Dennis Anderson: GOP effort to slash, shift Minnesota's conservation funding darkens future

Dennis Anderson, Star Tribune on

Published in Outdoors

MINNEAPOLIS — As May approaches and the Legislature grinds toward its final days, we are confronted again by vast differences of opinion about what Minnesota should look like, not just this year or next, or even 10 years from now, but 25 and 50 years into the future.

It's a given that politicians don't often think on such a grand scale. But our challenges are many, and time has long since passed that serious people should consider seriously where Minnesota has been and especially where it's headed, environmentally, and what can be done about it.

Many of the state's rivers, for example, are dirty, as are some of its lakes. Minnesota forests are quickly transitioning, and its native prairies are nearly gone. Add to this urban sprawl spreading like a virulent cancer between Rochester and the Twin Cities and the Twin Cities and St. Cloud, and you have the makings of a state whose best days are behind it.

Many are to blame for this tragedy-in-the-making. Among them in this legislative session are Senate Republicans who are fiddling with environmental funding proposals paid for by lottery proceeds, and who are proposing to whack nearly $10 million in general fund appropriations from the Department of Natural Resources budget.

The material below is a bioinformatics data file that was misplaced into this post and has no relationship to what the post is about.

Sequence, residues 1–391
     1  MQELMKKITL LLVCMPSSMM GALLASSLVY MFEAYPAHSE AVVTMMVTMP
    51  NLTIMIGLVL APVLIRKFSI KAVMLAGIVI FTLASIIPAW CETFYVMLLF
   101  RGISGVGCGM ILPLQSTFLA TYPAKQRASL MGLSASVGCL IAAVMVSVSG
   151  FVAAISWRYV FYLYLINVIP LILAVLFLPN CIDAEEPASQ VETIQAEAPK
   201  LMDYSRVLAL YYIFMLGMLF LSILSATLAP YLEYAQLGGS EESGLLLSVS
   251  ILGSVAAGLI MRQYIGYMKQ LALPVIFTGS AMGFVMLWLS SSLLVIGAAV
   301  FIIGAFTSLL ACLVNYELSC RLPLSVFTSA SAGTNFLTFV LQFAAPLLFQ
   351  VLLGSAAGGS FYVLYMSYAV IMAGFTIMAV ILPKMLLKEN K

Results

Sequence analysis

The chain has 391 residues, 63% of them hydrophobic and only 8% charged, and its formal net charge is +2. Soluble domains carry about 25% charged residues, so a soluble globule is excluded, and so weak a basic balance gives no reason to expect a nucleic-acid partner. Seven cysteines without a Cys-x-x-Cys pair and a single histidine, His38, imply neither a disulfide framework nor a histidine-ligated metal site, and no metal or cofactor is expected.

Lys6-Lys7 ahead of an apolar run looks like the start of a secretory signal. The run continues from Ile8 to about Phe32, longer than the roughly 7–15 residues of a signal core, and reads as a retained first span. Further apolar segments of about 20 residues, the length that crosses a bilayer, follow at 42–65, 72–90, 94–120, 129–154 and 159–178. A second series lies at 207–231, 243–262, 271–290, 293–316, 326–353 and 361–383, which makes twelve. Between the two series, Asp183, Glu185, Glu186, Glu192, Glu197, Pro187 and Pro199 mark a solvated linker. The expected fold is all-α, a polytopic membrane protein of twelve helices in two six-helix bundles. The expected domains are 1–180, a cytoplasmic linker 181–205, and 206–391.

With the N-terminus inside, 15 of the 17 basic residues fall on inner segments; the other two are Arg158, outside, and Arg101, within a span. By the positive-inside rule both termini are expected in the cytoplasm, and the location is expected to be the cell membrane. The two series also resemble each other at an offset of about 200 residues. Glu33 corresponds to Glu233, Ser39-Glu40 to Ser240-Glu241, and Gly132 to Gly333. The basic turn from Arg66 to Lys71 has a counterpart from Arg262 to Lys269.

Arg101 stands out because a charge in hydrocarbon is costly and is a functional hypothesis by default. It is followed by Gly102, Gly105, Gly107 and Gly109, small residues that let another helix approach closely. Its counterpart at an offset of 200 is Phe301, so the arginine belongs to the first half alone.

— The Senate proposes to cut aquatic invasive species (AIS) funding from the state's general fund by $1 million and shift that expense to the DNR's Heritage Enhancement Account, a shortsighted plan because hordes of invasive carp, zebra mussels, spiny water fleas, Chinese mystery snails, New Zealand mud snails, starry stonewort, curly-leaf pondweed and a who's-who of other creepy critters and plants have invaded Minnesota waters and will continue to.


— Senate Republicans also propose to reduce $1 million in general fund support for the DNR's fight against chronic wasting disease (CWD). The Senate instead wants to shift that amount of CWD funding to the Game and Fish Fund, which is supported by the sale of hunting and fishing licenses.

Additionally, in what should be a personal embarrassment to Republican Sen. Bill Ingebrigtsen of Alexandria, a retired sheriff, the Senate proposes to cut $336,000 in general fund appropriations for DNR enforcement, instead asking the DNR's Heritage Enhancement Account within the Game and Fish Fund to step up to the plate for that amount.

The cuts and shifts are being proposed so Republicans can appear to be "holding the line on spending" while actually, in some instances, asking other accounts established originally for other purposes to foot the bill.

In addition to being unsustainable, this cost shifting to "dedicated" accounts betrays the public trust.


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